YouTube, always on the lookout for ways to keep people watching more videos and staying on its site longer, is testing out a new feature that could prove to be a honeypot (or major annoyance!) for casual visitors: video autoplays, where once the video you came to watch ends, instead of defaulting to the usual grid of suggested videos, another video starts up.
We reached out to YouTube to find out more. A spokesperson confirms to us that autoplay been rolled out globally with a “small percent” of users to the site while it collects feedback on the feature. (In fact, the illustration here comes from an avid YouTube user who lives in Fresno who is also in the test group.)
“With more videos coming to YouTube every minute we’re always experimenting with ways to help people more easily find, watch and share the videos that matter most to them,” said the spokesperson. “We’ll consider rolling features out more broadly based on feedback on these experiments.”
As you can see in the screenshot above, Google/YouTube currently presents autoplay as an optional feature. It’s set to “on” by default every time you open a new video, at which point you get an “up next” dialogue on the screen before the next video plays.
Those who prefer not to see the suggested stream can disable it —
although it seems you have to do this each time you open a new video.
Clarification: YouTube tells me that the autoplay toggle on the top right of the page is permanent: once you turn it off, it will stay off. You’ll only see the countdown screen when autoplay is ‘on’, and the ‘cancel’ button on that screen turns off the autonav just for that video.
Autoplay: more like traditional TV
There are a few good reasons why it makes sense for YouTube to push a feature like auotplay more widely.
As we have seen with other streaming sites, one of the biggest problems with a large selection of content is being spoiled for choice: you can watch anything you want, but you don’t know what you actually want to watch.
YouTube — like Spotify and Netflix — have been trying to come up with different ways of tackling that problem, including integrating social features so that you can see what your friends are watching; creating playlists; and using playlists made by others. You can think of autoplay as a complement to those for casual users who are less social or less organised, or looking for an even more lean-back experience.
In that sense, it is a format that feels a lot like the site’s namesake: the tube, or broadcast television, where you are dealt a stream of video content on channels without much interaction.
Currently users spend on average 24.4 minutes on YouTube per visit, according to comScore — a number very close to the classic half hour of a TV program.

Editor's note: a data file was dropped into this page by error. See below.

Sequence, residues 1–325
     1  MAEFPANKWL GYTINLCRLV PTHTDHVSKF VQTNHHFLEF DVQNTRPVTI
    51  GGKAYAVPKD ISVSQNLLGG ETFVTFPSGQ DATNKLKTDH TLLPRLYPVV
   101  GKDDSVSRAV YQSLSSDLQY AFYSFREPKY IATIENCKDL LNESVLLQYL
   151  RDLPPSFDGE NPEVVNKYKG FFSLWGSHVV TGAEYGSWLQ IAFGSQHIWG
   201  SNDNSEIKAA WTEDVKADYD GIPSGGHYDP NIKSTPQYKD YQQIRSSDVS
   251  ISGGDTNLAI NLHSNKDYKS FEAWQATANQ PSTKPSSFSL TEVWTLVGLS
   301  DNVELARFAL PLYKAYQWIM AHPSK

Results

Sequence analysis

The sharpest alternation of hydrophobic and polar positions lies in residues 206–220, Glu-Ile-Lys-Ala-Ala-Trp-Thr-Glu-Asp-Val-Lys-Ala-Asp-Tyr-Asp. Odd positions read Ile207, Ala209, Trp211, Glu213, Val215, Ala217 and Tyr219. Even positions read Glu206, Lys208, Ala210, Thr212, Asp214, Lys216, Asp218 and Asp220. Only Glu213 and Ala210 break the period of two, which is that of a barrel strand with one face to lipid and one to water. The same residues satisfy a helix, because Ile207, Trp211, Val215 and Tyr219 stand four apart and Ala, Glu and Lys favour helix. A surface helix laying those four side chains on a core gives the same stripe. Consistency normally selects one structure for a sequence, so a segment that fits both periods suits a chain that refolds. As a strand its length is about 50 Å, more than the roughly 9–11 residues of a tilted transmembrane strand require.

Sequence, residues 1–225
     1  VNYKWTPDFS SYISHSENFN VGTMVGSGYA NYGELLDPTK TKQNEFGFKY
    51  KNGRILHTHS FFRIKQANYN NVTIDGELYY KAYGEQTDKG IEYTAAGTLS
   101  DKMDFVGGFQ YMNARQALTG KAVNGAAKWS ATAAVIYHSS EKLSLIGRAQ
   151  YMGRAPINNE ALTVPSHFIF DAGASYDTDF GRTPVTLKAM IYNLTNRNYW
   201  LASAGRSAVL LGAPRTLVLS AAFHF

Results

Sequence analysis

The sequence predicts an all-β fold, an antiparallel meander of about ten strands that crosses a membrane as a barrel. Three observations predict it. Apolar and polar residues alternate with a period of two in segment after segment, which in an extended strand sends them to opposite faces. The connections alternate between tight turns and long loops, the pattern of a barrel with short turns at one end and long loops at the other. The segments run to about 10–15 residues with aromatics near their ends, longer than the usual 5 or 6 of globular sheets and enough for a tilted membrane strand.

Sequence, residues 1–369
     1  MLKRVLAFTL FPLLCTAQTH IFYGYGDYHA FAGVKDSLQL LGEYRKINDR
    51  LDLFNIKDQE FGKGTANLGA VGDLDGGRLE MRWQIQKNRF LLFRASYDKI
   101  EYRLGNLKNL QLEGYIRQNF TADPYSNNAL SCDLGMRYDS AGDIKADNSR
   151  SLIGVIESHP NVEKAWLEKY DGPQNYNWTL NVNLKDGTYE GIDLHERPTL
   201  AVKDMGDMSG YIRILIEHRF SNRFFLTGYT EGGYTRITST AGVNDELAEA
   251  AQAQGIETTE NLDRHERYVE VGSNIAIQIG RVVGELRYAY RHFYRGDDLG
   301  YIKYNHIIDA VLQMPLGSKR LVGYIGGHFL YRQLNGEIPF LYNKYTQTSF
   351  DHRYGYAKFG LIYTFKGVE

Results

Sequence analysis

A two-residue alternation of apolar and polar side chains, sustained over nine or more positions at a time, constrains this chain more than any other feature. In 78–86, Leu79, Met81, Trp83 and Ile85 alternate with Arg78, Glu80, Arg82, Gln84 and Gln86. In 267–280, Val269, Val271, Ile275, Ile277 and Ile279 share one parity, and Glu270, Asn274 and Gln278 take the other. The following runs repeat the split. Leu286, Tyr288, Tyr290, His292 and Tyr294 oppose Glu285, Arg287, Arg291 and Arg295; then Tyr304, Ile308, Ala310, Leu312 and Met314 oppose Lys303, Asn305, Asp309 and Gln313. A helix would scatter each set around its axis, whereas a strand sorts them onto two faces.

Right now it looks like the other videos that appear in the autoplay stream are just others from the YouTube catalog, but you can see how the format would lend itself to another piece of video content that YouTube already automatically inserts elsewhere: advertisements.
With video ads being a hot commodity these days, having a place where YouTube could insert an ad after a video as well as before the video effectively could double its inventory.
Interestingly, after Susan Wojcicki was appointed head of YouTube earlier this year, it came with a new focus on revenue generation and advertising, specifically looking for ways to inject more advertising and advertiser-friendly formats into YouTube. “Advertisers have said they want YouTube to resemble a TV network,” one writer pointed out. Autoplay would help with that.
It could also potentially be a boost in competition with Facebook for eyeballs and ad dollars. Facebook is passing YouTube for video views by some estimates, in part because of its own version of the autoplay feature — where videos begin to play when you scroll past them in your timeline (albeit on mute).
But as with so many changes on YouTube, despite the positives for the bottom line, it could also become really annoying. We could find tests of the feature once before, back in August 2014, when the autoplay feature was ID’d by Google system enthusiasts, who figured a way to call it up by modifying YouTube’s cookies.
But one ex-YouTuber alludes to it as something that Google has toyed with even earlier. While autoplay was effective in getting people to stay on the site for longer, a “meaningful percentage” of users hated it.
Indeed, many others responding to this story on social media and in the comments below have pointed out how this would be irritating, with one singling out YouTube power users specifically.
Updated with extra commentary.